Since the foregoing paragraph was first published (1915) the good work
has gone steadily on and despite the sharp check that the World War
administered to public enterprises, Los Angeles County has materially
added to and improved her already extensive mileage of modern roads.
A new boulevard connects the beach towns between Redondo and Venice; a
marvelous scenic road replaces the old-time trail in Topango Canyon and
the new Hollywood Mountain Road is one of the most notable achievements
of highway engineering in all California. Many new laterals have been
completed in the level section about Downey and Artesia and numerous
boulevards opened in the foothill region. Besides all this the
main highways have been improved and in some cases-as of Long Beach
Boulevard-entirely rebuilt. In the city itself there has been vast
improvement and extension of the streets and boulevards so that more
than ever this favored section deserves to be termed the paradise of
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San Diego County has set a like example in this good work, having expended a million and a half on her highways and authorized a bond issue of two and one-half millions more, none of which has been as yet expended. While the highways of this county do not equal the model excellence of those of Los Angeles County, the foundation of a splendid system has been laid. Here the engineering problem was a more serious one, for there is little but rugged hills within the boundaries of the county. Other counties are in various stages of highway building; still others have bond issues under consideration-and it is safe to say that when this book comes from the press there will not be a county in Southern California that has not begun permanent road improvement on its own account.
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I say "on its own account" because whatever it may do of its own motion, nearly every county in the state is assured of considerable mileage of the new state highway system, now partially completed, while the remainder is under construction or located and surveyed. The first bond issue of eighteen million dollars was authorized by the state several years ago, a second issue of fifteen millions was voted in 1916, and another of forty millions a year later, making in all seventy-three millions, of which, at this writing, thirty-nine millions is unexpended. Counties have issued about forty-two millions more. It is estimated that to complete the full highway program the state must raise one hundred millions additional by bond issues.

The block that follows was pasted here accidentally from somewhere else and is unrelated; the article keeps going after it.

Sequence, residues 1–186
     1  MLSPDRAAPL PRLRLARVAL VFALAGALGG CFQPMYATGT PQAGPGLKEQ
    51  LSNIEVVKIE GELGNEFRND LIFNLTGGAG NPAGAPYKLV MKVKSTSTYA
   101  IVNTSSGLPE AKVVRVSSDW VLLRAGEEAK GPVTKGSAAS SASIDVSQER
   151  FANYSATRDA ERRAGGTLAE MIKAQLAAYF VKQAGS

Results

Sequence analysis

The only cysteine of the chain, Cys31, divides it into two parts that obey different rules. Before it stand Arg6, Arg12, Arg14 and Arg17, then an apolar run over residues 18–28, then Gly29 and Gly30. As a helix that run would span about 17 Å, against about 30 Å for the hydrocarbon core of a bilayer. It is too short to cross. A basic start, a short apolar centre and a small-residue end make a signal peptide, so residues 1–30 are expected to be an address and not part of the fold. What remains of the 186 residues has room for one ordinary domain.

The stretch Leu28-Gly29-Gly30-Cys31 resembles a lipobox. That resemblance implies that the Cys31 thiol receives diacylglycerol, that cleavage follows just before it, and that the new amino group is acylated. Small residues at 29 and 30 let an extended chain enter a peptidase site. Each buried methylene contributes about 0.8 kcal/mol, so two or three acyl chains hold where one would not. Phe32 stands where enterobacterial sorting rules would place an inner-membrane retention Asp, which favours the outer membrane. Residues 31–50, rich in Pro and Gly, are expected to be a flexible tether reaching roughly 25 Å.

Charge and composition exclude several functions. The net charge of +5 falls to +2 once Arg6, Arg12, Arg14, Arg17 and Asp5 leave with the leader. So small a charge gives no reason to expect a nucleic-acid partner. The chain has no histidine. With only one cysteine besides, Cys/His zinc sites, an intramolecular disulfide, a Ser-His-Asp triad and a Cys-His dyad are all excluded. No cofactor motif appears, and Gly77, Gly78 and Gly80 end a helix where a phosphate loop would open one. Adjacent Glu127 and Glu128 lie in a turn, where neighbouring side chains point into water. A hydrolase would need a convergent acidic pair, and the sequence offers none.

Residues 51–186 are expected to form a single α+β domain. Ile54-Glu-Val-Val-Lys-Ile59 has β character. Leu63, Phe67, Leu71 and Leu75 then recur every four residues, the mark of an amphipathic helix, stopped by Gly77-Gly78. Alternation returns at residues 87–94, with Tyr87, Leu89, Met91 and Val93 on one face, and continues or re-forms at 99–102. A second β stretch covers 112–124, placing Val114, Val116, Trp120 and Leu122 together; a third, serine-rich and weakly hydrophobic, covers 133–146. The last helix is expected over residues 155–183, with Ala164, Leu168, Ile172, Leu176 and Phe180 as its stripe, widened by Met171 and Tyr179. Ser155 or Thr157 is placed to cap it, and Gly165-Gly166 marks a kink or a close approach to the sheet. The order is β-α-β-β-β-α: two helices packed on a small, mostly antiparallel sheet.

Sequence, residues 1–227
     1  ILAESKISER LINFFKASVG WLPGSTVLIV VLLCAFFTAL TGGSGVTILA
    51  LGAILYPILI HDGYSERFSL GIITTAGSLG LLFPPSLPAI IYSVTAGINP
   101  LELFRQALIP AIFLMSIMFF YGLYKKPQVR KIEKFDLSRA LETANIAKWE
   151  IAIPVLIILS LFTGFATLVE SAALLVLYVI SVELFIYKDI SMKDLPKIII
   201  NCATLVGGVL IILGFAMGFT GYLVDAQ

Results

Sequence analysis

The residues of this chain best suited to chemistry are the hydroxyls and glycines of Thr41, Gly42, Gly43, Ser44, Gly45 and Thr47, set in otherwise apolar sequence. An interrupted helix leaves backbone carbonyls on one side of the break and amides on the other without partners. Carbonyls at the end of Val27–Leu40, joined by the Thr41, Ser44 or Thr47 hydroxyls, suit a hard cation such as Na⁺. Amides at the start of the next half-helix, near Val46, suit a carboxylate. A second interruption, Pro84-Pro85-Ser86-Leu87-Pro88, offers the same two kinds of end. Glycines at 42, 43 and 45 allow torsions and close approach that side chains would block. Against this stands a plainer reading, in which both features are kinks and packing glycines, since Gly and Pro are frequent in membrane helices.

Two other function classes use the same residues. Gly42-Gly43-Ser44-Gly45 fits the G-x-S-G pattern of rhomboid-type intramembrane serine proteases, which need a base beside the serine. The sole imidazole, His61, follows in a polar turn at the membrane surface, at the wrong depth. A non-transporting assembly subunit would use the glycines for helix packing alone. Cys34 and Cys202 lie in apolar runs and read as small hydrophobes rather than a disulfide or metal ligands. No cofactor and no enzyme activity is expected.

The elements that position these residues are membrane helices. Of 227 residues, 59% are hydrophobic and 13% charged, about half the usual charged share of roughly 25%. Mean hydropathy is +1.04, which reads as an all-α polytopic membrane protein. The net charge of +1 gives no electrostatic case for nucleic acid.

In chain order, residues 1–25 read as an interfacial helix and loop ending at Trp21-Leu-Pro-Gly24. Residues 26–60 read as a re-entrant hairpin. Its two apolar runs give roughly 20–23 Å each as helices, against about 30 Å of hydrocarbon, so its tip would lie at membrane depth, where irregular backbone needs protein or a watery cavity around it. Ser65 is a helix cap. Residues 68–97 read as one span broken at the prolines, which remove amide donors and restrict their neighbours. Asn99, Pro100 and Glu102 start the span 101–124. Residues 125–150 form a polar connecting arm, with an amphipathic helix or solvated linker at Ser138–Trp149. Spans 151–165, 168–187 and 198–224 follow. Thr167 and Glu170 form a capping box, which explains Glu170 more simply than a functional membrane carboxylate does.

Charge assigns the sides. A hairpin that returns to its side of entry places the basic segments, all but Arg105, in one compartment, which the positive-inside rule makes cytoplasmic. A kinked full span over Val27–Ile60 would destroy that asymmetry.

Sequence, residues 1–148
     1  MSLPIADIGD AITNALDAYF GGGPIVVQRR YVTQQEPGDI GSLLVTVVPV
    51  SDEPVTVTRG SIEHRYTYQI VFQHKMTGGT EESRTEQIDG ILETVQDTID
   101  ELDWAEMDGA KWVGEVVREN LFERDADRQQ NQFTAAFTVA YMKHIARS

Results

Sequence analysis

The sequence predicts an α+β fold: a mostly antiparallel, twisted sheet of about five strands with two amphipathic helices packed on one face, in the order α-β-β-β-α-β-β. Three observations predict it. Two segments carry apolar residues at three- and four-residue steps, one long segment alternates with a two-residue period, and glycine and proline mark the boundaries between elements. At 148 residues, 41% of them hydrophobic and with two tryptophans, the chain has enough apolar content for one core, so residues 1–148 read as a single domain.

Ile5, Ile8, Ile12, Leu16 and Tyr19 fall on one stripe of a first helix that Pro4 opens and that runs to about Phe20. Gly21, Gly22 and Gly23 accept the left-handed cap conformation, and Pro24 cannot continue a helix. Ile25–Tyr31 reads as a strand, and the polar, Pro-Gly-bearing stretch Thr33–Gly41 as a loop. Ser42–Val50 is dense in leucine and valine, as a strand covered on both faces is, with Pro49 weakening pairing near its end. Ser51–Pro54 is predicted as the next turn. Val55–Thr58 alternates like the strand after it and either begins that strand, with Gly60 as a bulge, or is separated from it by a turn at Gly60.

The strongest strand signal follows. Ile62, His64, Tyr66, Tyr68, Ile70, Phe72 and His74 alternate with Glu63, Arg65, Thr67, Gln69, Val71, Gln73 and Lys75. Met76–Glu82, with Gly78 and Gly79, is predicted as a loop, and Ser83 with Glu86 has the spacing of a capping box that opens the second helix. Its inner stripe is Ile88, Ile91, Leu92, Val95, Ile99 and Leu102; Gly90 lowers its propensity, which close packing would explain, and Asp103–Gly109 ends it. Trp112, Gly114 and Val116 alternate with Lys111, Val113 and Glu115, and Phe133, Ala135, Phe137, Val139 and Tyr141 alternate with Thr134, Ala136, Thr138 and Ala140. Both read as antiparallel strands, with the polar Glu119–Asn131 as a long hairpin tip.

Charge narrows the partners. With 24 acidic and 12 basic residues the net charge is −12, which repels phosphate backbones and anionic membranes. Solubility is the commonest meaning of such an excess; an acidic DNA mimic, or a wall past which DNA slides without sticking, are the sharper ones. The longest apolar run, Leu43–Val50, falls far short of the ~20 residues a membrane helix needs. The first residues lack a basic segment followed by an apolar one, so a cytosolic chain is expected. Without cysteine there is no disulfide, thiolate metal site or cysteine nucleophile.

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The completed system contemplates two great trunk lines from San Diego to the Oregon border, one route roughly following the coast and the other well inland, while lateral branches are to connect all county seats not directly reached. Branches will also extend to the Imperial Valley and along the Eastern Sierras as far as Independence and in time across the Cajon Pass through the Mohave Desert to Needles on the Colorado River. California's wealth of materials (granite, sand, limestone, and asphaltum) and their accessibility should give the maximum mileage for money expended. This was estimated by a veteran Pittsburgh highway contractor whom I chanced to meet in the Yosemite, at fully twice as great as could be built in his locality for the same expenditure.
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California was a pioneer in improved roads and it is not strange that mistakes were made in some of the earlier work, chiefly in building roadways too narrow and too light to stand the constantly increasing heavy traffic. The Automobile Club of Southern California, in conjunction with the State Automobile Association, recently made an exhaustive investigation and report of existing highway conditions which should do much to prevent repetition of mistakes in roads still to be built. The State Highway Commission, while admitting that some of the earlier highways might better have been built heavier and wider, points out that this would have cut the mileage at least half; and also that at the time these roads were contracted for, the extent that heavy trucking would assume was not fully realized. Work on new roads was generally suspended during the war and is still delayed by high costs and the difficulty of selling bonds.
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At this writing (1921) the two trunk lines from San Diego to San Francisco are practically completed and the motorist between these points, whether on coast or inland route, may pursue the even tenor of his way over the smooth, dustless, asphalted surface at whatever speed he may consider prudent, though the limit of thirty-five miles now allowed in the open country under certain restrictions leaves little excuse for excessive speeding. It is not uncommon to make the trip over the inland route, about six hundred and fifty miles, in three days, while a day longer should be allowed for the coast run. In parts where the following narrative covers our tours made before much of the new road was finished, I shall not alter my descriptions and they will afford the reader an opportunity of comparing the present improved highways with conditions that existed only yesterday, as it were.